It might be sacrilege to even “think” this, but I prefer What Price Hollywood? to A Star Is Born, both the original and the Judy Garland/George Cukor remake that is the Holy Grail of “Redemptive Hollywood Stories.” There’s an efficiency in the storytelling and direction, and an easygoing, seriocomic energy that makes a good portion of it still feel relevant today. Luckily, Warner Archive Collection has released a beautiful print of What Price Hollywood? on DVD that allows you to judge for yourself.
Brown Derby waitress Mary Evans (Constance Bennett) is an aspiring actress who uses the opportunities her position allows for access to the Hollywood elite. She charms the successful director Max Carey (Lowell Sherman) on the premiere night of one of his films when he’s already “three sheets to the wind.” The drunk but smitten director whisks her to the star-studded Grauman’s Chinese Theatre Premiere and after, his home, although it is quite clear nothing “happens.” He does promise her a screen test. Sadly, her enthusiasm is far greater than her acting chops, but she works all night, and returns to the soundstage the next day; nailing the small scene. The big producer Julius Saxe (Gregory Ratoff) sees her screen test and determines right then and there she’s perfect for his next picture.
Almost overnight, Mary’s dreams of becoming a Hollywood star are realized; as we see her go from supporting to leading roles and finally, celebrity status. Sadly, as her star rises, her benefactor Max’s career slides into decline, thanks to one part alcoholism and two-parts self-loathing. Mary weds a wealthy polo player, Lonny Borden (Neil Hamilton, best known 30+ years later as Batman’s Commissioner Gordon). Growing dissatisfied with his successful wife, Borden walks out on the marriage, just as she learns she’s pregnant with their first child. Then Max goes missing, only to turn up depressed at her home. He wallows in self pity, to the point of suicide. The tabloids are merciless with the sensationalistic death, and Mary flees to Paris with her newborn baby.
One of the joys of What Price Hollywood? is Constance Bennett. She has such an immediate charm; an effervescent energy and light touch that she’s a thoroughly relatable and believable person. She might be seen as slightly opportunistic for 1932, and that may have been the point, as this was pre-code, and if a woman was to act “strident,” she was going to have to pay for her excesses in the final reel – but watching today she comes off as plucky and smart, going about making her career “happen.” The question then, ‘what price Hollywood?’ as in ‘the price one is willing to pay for fame,’ doesn’t pack the moralistic punch it once meant to. And that’s fine. Because the upbeat Hollywood ending instead feels well deserved.
George Cukor, who directed, was also considered for the first A Star is Born with Janet Gaynor 5 years later, but demurred because it was too similar to What Price Hollywood? (they were both based on the same story by Adele Rogers St. Johns, which in turn was based on real life incidents surrounding silent film star Colleen Moore and her marriage to alcoholic John McCormick and the suicide of actor/director Tom Forman). Interesting, then, that Cukor would helm the Judy Garland version of A Star is Born 20 years later.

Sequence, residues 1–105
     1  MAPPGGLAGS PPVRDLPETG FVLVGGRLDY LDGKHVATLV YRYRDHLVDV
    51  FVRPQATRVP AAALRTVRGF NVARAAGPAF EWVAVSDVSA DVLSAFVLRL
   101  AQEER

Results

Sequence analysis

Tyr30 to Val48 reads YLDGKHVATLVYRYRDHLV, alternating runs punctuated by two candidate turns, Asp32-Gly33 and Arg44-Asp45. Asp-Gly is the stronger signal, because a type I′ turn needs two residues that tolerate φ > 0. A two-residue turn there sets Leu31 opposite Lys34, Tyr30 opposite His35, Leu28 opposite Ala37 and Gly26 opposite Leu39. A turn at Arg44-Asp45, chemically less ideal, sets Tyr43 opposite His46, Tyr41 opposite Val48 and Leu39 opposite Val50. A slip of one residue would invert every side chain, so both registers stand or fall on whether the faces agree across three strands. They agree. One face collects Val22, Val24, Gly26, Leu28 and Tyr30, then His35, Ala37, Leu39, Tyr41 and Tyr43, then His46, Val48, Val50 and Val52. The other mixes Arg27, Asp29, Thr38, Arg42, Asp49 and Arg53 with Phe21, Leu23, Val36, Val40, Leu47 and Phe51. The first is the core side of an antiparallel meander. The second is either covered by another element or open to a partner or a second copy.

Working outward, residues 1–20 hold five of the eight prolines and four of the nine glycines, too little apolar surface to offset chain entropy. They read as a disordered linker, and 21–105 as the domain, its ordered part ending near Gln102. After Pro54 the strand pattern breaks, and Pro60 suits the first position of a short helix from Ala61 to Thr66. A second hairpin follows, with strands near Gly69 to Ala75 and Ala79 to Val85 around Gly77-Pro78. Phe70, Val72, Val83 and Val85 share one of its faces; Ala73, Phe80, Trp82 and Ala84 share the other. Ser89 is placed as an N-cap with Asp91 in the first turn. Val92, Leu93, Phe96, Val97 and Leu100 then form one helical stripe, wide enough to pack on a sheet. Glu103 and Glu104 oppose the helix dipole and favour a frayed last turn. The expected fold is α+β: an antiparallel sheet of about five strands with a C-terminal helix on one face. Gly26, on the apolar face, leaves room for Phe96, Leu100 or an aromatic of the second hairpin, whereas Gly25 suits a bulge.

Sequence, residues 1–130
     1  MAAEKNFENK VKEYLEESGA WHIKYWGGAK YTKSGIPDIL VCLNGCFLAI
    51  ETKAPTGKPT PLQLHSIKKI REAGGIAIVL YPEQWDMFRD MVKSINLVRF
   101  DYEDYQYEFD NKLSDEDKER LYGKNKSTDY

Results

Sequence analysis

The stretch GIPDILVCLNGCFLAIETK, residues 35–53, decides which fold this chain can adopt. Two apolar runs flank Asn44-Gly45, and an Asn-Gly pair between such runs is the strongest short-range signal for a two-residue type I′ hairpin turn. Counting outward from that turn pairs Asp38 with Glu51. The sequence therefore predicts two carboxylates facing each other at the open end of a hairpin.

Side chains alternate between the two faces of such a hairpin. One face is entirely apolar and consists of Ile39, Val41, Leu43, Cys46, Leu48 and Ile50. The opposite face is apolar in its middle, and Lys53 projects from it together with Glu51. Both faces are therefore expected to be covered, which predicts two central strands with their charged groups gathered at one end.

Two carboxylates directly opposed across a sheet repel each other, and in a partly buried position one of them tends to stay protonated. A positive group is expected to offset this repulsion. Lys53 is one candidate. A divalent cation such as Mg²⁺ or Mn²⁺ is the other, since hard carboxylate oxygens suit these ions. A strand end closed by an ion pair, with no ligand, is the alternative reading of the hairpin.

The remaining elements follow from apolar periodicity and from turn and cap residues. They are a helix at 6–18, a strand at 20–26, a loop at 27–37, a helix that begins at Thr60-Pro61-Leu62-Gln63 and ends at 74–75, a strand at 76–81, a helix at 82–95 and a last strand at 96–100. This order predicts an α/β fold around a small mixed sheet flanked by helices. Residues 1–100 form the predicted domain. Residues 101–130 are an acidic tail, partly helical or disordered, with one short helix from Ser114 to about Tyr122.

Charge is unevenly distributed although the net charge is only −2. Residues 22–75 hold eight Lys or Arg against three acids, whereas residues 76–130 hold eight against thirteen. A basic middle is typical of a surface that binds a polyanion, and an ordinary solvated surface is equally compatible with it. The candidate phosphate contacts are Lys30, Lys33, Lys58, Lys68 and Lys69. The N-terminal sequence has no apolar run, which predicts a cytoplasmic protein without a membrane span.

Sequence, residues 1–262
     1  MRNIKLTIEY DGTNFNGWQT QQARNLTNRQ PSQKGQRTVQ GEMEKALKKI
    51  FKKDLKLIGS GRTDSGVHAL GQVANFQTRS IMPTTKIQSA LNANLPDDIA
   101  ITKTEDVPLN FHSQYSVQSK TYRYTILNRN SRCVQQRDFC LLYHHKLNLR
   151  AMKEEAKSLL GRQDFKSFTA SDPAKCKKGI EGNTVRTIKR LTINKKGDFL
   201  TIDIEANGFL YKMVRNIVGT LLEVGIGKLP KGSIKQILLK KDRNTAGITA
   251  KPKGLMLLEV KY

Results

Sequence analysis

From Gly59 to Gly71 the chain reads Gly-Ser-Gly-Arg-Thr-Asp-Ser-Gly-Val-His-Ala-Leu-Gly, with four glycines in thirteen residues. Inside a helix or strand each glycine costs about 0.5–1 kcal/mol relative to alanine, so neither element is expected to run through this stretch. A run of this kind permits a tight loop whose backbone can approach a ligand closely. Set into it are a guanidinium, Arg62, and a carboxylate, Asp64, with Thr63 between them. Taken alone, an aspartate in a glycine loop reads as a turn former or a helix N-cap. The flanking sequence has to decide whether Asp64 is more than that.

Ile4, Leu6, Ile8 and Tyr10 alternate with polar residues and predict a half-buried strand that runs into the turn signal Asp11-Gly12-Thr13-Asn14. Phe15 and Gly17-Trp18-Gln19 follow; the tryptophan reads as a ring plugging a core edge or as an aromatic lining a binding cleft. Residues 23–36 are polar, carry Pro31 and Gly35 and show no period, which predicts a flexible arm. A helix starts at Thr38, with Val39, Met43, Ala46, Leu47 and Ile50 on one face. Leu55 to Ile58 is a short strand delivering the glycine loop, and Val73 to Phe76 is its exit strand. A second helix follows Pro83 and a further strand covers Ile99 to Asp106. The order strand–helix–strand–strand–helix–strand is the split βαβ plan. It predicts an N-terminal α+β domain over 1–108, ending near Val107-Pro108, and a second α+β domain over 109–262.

Actor-director Lowell Sherman plays the disillusioned alcoholic director here, and there’s some interesting elements at play. It may have been far too subtle for 1932 audiences, but today Sherman plays the character with a definite “gay” energy. While he has a great affinity for Mary, and she to him, it’s safe to say their love is platonic. Even though he’s jealous of her husband and disagreeable over the distraction, it never plays as sexual or romantic. It’s also surprising that the writers chose to not drive the story in that direction, as it’s the rising action for A Star is Born, in all its incarnations. His depression and suicide also play extremely believable if he’s suffering from repressed homosexuality, which seems quite likely.
While Cukor was not the most visual of directors, (his stories tended to focus on dialogue), there are several visually impactful moments, not the least of which is the suicide of Max Carey. He shoots himself, not in the head, but in the chest (which is how the real life director Forman ended his life) and the accelerated montage of Max’s life that precedes his death is nothing short of breathtaking.
Also of great appeal are the locations, from the real Brown Derby to Grauman’s Chinese Theatre; which gives the film not only a layer of authenticity, but a charming time capsule into what Hollywood looked like in the early 1930s.
So many “Hollywood on Hollywood” films never honestly depicted an authentic behind-the-scenes feel and appeal, especially in the classic period when the studio heads and executives had too much to lose, which is another reason to celebrate What Price Hollywood. It may have candy coated much of the movie star lifestyle, but in attempting to tell a tale of morality, the resulting realism turns out to be something of a lucky accident, and a good reason to make What Price Hollywood? a part of any classic film lover’s collection.